Figure 7: New Hampshire rest stop (Image source: Marc Tomik)

  • Estimates vary, but supposedly half of the alcohol consumed in New England (NH, VT, ME, CT, MA, RI) is purchased at New Hampshire liquor stores, enabling them to negotiate huge volume discounts with producers; New Hampshire’s politicians have thus found a great way to extract revenue from out-of-state travelers without the ancillary social issues.

Market Structure and Incumbency

A further explanation of why certain states have such expensive liquor is that the politicians are beholden to various rent-seeking interests, and have agreed to market-structures that produce unusually high profits for distributors or retailers.

Some examples of this are:

  • In a number of states, high-volume ‘liquor warehouse’ chains are the norm.  Costco,  a ‘warehouse style’ club, often sells single malt-scotch, and can sell 30,000 cases fairly quickly.  Likewise, the cheapest prices in WA, AZ, and CA are often found at BevMo, a chain of roughly 100 warehouse-style liquor outlets.  By focusing on top sellers, these retailers can extract huge concessions out of producers and distributors, and can sell at very low prices; there are tremendous economies of scale.
  • By contrast, in New York, each company can own at most one liquor store, and the owner/operator has to live nearby.   This is why most NY liquor stores are quite expensive and rather small; it is hard to order in bulk when you only have one outlet, and if you can’t order in bulk, there’s no reason to have a larger selection; it also leads to inefficient use of employees and real-estate.  This a major for the reason that a crappy bottle of Barefoot goes for $5 in New Hampshire, where they buy it by the boatload, and costs $10.90 in my local bullet-proof liquor mart; a local store with bearded hipster employees, ipads, and a heavily ‘curated’ and rarely sold liquor selection was asking $39.99 plus tax yesterday for the same bottle that would go for $16.99 in Arizona.
    • One benefit to politicians is that the huge number of liquor stores and licensees produces a steady stream of ‘licensing’ opportunities, each of which needs ‘community input’, and ‘expedition’, often dispensed by associates of the local politicians; the liquor store owners also donate heavily to political campaigns.
  • In Missouri, Wisconsin, and several other states highlighted in red in Figure 5 Regulatory Regimes by State, producers cannot fire their distributors.  This prevents consolidation of distributors, but more importantly, can give the distributor a near monopoly over a brand.  To see how this can be problematic, consider how this works in Connecticut:
    • Each distributor posts liquor prices for the next month in advance, but, once all distributors have posted them, they can lower them to the lowest price posted for the same item.  This might seem competitive, but, in fact, as Chris Conlon has shown in a paper, this is entirely anti-competitive, as it encourages the limited number of distributors to implicitly collude on pricing and obtain monopoly-style profits.   This is why even though Connecticut’s taxes aren’t oppressive, prices in Connecticut are extremely high. In fact, the authors of the paper actually recommended raising taxes as a means of capturing the excess profits going to the distributors!
  • Finally, consider that the earliest distributors often turned out to be former bootleggers who had pre-existing relationships with the politicians that wrote the alcohol regulations.  It is no secret that Joseph Kennedy Sr. became the largest distributor of Scotch Whisky, partially by ensuring that the profits for doing the same would be unusually rich; his earnings were sufficient to fund three Senate campaigns and to help obtain the Presidency for his son.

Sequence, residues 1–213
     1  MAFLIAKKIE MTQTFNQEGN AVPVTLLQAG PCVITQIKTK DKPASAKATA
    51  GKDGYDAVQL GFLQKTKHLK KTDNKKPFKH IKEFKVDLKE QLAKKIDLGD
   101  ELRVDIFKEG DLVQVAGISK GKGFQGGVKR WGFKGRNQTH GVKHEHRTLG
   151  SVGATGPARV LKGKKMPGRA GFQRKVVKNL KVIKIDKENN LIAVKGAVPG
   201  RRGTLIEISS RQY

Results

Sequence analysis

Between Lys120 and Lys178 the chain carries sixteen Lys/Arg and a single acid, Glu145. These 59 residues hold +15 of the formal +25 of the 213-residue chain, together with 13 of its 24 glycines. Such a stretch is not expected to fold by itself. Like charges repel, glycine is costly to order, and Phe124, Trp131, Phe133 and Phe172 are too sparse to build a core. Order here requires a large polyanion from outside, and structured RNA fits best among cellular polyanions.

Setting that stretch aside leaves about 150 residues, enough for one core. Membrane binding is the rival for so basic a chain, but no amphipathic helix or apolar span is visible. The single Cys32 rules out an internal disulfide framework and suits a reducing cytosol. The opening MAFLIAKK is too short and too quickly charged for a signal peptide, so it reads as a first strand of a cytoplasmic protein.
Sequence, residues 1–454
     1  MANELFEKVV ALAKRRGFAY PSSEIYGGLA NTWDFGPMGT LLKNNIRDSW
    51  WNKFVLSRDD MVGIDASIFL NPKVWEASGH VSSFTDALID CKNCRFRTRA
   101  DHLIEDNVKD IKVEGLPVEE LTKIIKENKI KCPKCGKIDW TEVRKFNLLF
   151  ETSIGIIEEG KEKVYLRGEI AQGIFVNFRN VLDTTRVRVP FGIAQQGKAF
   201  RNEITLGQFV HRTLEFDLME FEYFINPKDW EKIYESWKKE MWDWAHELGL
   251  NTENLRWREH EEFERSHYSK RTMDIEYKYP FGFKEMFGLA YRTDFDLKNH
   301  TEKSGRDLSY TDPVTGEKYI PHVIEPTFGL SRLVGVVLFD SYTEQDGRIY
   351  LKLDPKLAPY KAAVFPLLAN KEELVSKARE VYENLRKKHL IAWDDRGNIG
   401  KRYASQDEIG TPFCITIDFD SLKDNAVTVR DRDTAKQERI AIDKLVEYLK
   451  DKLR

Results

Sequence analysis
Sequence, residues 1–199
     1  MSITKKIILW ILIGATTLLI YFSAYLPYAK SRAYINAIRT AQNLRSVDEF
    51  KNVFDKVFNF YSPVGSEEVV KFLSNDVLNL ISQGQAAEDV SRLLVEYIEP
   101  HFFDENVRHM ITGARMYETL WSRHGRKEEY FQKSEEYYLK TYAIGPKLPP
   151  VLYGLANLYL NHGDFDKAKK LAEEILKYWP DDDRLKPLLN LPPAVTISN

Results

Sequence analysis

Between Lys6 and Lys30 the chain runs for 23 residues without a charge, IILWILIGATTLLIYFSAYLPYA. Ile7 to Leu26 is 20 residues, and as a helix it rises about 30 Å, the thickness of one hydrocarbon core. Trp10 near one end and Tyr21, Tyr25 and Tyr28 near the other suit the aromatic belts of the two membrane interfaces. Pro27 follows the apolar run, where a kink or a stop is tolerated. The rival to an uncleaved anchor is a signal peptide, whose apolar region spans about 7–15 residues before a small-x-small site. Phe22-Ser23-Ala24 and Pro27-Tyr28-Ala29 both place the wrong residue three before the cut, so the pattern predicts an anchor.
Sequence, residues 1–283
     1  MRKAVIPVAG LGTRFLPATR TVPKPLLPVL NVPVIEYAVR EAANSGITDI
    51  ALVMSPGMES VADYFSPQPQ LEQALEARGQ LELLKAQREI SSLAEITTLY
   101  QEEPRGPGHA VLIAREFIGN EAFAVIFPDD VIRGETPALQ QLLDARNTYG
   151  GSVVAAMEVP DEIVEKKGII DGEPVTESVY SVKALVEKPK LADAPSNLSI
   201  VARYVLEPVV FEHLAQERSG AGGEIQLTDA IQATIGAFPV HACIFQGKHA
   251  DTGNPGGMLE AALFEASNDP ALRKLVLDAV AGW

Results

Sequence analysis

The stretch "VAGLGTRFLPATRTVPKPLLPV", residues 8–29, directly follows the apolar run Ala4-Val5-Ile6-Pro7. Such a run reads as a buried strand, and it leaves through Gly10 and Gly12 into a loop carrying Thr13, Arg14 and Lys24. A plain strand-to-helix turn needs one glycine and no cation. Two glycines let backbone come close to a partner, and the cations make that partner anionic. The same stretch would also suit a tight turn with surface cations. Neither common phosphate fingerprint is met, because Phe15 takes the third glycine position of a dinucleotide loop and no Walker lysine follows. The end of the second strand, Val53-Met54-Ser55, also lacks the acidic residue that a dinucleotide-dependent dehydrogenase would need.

A Gift to Politicians

There are many reasons why whiskey prices vary by nearly 80%, but they all come down to the following observation: the entire system was a gift to politicians Unlike the retailing of nearly every other product, in which deviations from the free market need to justify their worth in terms of welfare gains to society, by re-legalizing a highly desirable product, yet taboo product, politicians in certain jurisdictions were, and continue to be able to, pick winners and losers.

So next time you pay more than $20/bottle for Jack Daniels, ask around and figure out who is siphoning off the excess revenue.  Chances are they’ve been donated to bunches of local politicians.

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  1. Great analysis, all of this begs the question though. When you subtract out the exicse taxes, dry counties, retail regimes, sales tax, etc… does the initial % of income hypothesis hold? Is it relatively constant

  2. This is an interesting article featuring some hard work and a largely (at least) a sincere non-propagandistic analysis, however I’m reminded of an observation I’ve made, namely that politics, the market, and religion are all near the top of the list for being blamed for the world’s problems, and the reason for that is that wherever there are problems, you look, and there they are. But if you would trouble to look, even where there aren’t problem, you would look, and there they would be. That is simply because there are each virtually inseparable from being human. That includes religion, and I’m either an atheist or mystical agnostic (mystical in that at the heart of the origins of the universe there is, I believe, a huge, and I believe quite literally unsolvable mystery), so I’m not promoting it.

    • Dane Scott says:

      Good observation, but its probably best to “follow the money” when figuring out how to approach research questions like this. Not sure what you could recommend as a starting point otherwise as politics and the market is pretty encompassing to the title (effects on a market after historical legislation).